• RP Singh

    Guru Fateh, Singh – I had the opportunity to live in proximity with sangat who did challenge me and hold me accountable toward my goals. And you’re absolutely right; it is difficult to be around people who can bluntly point out your failures and shortcomings. Often times our intense discussions would lead to argument, and I would drive home furious about what someone had said. However, those drives home were also the most genuine moments of self-reflection I’ve had. Now that I look back, I feel that was a time where I grew the most as a Sikh.Many people I have talked to consider their non-Sikh friends their support structure – that’s great! My experience has been different. I want the basis of the discussion with my Sangat to be baani and personal reflections in trying to live baani…that’s it. Everything else is just "nice."As I mentioned, I consider Sangat to be the people who encourage me and inspire me to face the Guru, and who hold me accountable in doing so. I would say if your sangat does not do that for you…then it might be time for you to find a new sangat.Even though I’ve always lived in or near communities with many Sikhs, often times (especially in my younger years), I would just pick up and fly out to be with my Sangat (thanks SouthWest Airlines!)…sometimes you have to make an extra effort to be with the right type of Sangat for you.It’s unfortunate most of the Sikhs you’ve interacted with have been conformists, people-pleasers, and meat-discussers…perhaps you need to stop talking to the loudest talkers in the room (slight dig :)) and instead have a chat with the quiet observers shaking their head in the back…they’re a little harder to find…but they’re there.As always, thanks for your comments…look forward to more.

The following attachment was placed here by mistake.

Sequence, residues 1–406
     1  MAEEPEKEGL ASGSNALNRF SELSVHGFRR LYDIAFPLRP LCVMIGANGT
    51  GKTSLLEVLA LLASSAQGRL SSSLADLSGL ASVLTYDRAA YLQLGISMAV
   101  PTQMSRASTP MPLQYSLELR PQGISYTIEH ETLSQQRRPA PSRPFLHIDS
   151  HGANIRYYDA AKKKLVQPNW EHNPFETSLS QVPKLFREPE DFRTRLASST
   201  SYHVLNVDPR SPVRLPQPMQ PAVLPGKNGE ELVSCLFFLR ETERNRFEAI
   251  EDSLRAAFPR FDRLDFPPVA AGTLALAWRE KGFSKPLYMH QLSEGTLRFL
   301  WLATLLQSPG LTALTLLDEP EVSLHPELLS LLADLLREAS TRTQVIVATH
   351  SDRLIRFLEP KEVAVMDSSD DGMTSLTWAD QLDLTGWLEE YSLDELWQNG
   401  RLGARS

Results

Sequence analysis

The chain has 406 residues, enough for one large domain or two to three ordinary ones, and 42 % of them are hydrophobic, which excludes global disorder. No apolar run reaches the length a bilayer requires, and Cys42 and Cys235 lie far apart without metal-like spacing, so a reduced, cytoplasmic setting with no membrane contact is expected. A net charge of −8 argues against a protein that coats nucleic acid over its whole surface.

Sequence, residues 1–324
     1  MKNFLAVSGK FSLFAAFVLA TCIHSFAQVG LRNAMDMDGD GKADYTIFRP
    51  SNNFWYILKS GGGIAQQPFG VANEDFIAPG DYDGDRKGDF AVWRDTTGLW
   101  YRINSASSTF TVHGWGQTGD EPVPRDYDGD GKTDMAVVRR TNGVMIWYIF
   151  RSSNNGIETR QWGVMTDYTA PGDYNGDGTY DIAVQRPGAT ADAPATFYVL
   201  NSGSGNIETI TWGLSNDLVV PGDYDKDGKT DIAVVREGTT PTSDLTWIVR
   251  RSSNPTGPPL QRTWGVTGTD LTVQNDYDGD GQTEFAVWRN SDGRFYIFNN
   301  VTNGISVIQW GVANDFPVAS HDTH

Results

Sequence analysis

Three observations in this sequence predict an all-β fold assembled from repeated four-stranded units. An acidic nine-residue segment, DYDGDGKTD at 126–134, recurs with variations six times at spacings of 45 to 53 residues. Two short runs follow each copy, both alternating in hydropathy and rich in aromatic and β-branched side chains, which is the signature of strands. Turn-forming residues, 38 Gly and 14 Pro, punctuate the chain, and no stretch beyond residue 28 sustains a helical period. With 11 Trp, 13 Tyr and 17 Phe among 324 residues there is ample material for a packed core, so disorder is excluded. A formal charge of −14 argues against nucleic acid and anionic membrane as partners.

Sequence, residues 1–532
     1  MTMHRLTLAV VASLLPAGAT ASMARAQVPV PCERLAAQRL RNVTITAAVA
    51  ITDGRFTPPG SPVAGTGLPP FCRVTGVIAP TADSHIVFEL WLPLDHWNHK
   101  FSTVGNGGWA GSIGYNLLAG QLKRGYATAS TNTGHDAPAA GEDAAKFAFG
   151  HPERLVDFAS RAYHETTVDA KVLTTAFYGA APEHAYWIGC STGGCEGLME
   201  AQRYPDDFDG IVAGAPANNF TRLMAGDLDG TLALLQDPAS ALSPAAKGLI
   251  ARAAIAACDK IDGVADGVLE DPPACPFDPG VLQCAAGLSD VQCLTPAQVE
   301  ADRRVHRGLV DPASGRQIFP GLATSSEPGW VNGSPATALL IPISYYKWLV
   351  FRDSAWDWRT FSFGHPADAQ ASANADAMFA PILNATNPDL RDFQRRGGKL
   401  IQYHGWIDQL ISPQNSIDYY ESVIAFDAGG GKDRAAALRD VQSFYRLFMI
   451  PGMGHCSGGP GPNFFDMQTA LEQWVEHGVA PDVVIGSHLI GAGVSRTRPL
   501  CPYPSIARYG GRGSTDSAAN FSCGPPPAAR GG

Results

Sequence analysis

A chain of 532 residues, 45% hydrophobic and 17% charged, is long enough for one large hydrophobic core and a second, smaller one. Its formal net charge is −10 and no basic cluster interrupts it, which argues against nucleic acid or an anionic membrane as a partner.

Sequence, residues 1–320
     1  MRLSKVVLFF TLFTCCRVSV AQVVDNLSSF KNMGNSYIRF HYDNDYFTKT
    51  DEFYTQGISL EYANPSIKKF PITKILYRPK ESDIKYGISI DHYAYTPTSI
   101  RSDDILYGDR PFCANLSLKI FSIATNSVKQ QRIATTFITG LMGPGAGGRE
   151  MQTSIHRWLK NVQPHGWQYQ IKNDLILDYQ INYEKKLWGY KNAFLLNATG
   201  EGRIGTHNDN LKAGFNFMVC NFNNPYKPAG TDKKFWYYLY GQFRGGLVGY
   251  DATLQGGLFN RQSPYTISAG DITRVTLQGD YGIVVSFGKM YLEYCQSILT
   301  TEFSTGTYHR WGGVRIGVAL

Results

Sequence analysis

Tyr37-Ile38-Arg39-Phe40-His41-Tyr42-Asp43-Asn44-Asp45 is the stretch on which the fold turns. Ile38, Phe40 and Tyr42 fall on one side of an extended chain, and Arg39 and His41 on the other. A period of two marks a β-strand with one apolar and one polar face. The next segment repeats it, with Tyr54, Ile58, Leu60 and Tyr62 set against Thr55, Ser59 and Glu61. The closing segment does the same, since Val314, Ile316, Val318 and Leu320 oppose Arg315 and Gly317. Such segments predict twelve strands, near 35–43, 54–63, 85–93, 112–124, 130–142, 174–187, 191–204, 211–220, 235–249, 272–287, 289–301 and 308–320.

• Mandeep Singh

    Impressive thoughts…. Instead of going to other people and looking to get your answers, It is much better to stay alone, calm and try to figure out the answers from within your mind….Only your inner self can guide you to the better way, and no other thing. Famous Temples